BY JON LAMBERSON
The Board of Student Advisers has had a major impact on the first year education of Harvard Law students for over 90 years. Yet despite featuring luminaries like Supreme Court Justice Anthony Kennedy in its ranks over the years, the history and purpose of the Board remains a mystery to most students, whose only contact with BSA comes in their First Year Lawyering (FYL) workshops and perhaps when they watch the yearly Ames competition.
Opinions of BSA were further confused recently when a 1L Law School Council representative expressed concern that BSA instructors were told not to give negative evaluations of professors to 1L students when helping them select courses for the spring semester — a charge which turned out to be only partially accurate.
The role of the BSA at the Law School has been continuously re-examined, especially with implementation of the new FYL program. The truth is that the Board walks a fine line: attempting to serve as instructors and friends to incoming 1Ls while trying to stay relevant and involved in the new First year Lawyering program.
A Storied History
For almost 150 years, HLS students organized themselves into “law clubs.” These small and elitist groups (examples included the Marshall Club, the Kent Club and the Pow-Wow Club) were formed to discuss and argue cases, as well as to provide a social atmosphere for their members. Many clubs established their own moot courts which were run in parallel with the faculty-run HLS moot court.
By the turn of the twentieth century, enrollment at HLS had dramatically increased, which led to the cancellation of the faculty-run moot court, which had become too burdensome to administer. The law clubs became the only places where HLS students could receive training in court practice.
A number of new clubs were formed during the early part of the century, but they still included only a small minority of students. So in 1910, a concerned faculty passed a resolution establishing a Board of Student Advisers, “for encouraging among first year students early and intelligent use of the law library and also for rendering the work of the law clubs more efficient.”
The Board was originally an honorary society, with membership chosen by the faculty (students whose grades were directly below those of the Harvard Law Review editors were invited to join). They focused mainly on the Ames competition, writing the cases to be argued, teaching legal research and organizing independent law clubs so that any first year student could participate in the moot court.
Though its student-centered teaching methods were lauded, the Board ran into its share of difficulties, especially as it had trouble finding faculty who were willing to take responsibility for training its teachers. In addition, participation in the Ames competition steadily declined over the years. By 1970, most of the law clubs had disappeared. The Board was in need of a new role.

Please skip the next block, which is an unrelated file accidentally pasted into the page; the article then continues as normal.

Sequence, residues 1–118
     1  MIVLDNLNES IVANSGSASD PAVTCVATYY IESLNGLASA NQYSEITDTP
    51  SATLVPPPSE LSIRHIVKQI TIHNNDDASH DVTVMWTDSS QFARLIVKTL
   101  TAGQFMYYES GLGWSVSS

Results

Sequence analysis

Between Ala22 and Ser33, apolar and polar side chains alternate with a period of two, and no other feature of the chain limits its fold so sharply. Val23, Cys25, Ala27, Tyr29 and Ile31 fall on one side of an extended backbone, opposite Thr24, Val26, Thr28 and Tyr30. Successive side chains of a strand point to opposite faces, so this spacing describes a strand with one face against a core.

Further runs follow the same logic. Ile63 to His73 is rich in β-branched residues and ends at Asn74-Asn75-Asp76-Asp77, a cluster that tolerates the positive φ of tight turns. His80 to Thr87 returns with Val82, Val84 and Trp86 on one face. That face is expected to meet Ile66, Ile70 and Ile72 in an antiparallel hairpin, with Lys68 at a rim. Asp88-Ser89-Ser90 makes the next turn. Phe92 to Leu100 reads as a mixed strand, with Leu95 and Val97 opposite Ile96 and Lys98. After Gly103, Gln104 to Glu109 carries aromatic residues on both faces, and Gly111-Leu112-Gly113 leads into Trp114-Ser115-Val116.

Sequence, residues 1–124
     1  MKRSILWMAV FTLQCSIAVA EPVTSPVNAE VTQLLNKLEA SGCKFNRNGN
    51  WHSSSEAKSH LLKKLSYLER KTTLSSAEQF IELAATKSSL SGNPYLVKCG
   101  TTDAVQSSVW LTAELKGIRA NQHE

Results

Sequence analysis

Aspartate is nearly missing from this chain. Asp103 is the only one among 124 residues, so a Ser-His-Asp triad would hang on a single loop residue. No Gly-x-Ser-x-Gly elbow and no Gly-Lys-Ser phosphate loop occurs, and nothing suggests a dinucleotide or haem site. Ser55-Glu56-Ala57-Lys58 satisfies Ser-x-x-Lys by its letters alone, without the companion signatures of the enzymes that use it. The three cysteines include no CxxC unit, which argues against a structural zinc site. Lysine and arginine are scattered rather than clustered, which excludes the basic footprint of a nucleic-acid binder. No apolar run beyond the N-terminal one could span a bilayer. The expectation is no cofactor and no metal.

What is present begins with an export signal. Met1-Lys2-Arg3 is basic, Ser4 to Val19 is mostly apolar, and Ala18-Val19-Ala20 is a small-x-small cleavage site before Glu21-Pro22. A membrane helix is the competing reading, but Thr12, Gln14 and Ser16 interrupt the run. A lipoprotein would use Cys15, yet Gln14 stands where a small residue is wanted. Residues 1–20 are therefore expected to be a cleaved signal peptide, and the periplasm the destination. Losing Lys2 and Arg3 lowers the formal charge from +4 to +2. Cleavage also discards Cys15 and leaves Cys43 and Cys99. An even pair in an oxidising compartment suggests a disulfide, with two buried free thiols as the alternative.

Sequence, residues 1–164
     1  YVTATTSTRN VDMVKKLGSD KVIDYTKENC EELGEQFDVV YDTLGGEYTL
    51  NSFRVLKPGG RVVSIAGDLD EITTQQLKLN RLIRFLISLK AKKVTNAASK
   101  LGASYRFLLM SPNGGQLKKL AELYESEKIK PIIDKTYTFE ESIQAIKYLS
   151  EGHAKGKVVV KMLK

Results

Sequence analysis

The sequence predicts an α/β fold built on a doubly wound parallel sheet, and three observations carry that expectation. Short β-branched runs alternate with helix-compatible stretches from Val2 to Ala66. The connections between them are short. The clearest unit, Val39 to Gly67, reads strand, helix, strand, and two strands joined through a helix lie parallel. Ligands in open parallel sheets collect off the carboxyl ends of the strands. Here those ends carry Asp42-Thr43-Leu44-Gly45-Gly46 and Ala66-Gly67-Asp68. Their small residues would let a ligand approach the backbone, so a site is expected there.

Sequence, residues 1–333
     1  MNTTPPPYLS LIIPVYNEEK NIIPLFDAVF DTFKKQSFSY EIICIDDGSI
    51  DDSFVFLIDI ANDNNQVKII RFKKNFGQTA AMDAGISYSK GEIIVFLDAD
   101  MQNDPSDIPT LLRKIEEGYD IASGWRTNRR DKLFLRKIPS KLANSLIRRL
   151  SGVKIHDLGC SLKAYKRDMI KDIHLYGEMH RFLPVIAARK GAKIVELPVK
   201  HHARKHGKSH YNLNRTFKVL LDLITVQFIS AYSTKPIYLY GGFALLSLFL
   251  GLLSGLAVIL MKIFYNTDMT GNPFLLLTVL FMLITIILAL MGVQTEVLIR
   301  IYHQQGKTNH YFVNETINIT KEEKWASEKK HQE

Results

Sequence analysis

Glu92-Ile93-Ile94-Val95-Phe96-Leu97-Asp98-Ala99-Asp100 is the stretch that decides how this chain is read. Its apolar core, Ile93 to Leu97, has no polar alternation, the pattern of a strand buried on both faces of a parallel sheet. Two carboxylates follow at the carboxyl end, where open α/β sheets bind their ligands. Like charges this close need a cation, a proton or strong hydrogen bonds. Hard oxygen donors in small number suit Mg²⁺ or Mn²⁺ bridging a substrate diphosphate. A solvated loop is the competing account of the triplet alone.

In response, the BSA began taking on duties such as offering courses (including Gambling, Bartending and Bicycle-Care), organizing social activities and leading orientation.
But that led many to conclude that the Board had drifted away from its dedication to legal research and education, which led the faculty to redefine the organization’s role again in 1993. The faculty agreed to directly oversee selection of BSA applicants, who then were enlisted to teach the 1L “Introduction to Lawyering” course. This course was later renamed “Legal Reasoning and Argument” (LRA), the precursor to today’s FYL.
The Move to FYL
The LRA program had several flaws. Again, there were not enough full-time professors willing to teach the class, and for those who did, there was no central curriculum, leading to widely diverging experiences between sections. In the fall of 1998, an LRA Committee was formed to explore ways to reform the program. These proposals would eventually lead to the First Year Lawyering program in place today.
From the beginning, the use of BSA instructors was questioned by the LRA Committee. Some proposed that they be replaced by independent student-teachers, while others felt that only professional lecturers should be used. In the end, a compromise was reached: only 3L BSA instructors would teach workshops. When a 3L was assigned to teach two small sections, he or she would have assistance from 2L instructors.
The BSA was initially hesitant to make any changes.
“BSA students were used to a system where they worked without real oversight from full-time teachers, and obviously they developed their own way of doing things,” said FYL Director Michael Meltsner.
Today, most changes have been gradually accepted. As BSA President Kati Robson, a 3L, explained, “I think it’s a great thing, personally. When you have a 2L and a 3L in the course, you have more chance for feedback. It also gives 2Ls the chance to spend a year with someone who really knows the curriculum and knows how to give feedback. [The 2Ls] can take on as much or as little responsibility as they want until they feel ready to take on the job.”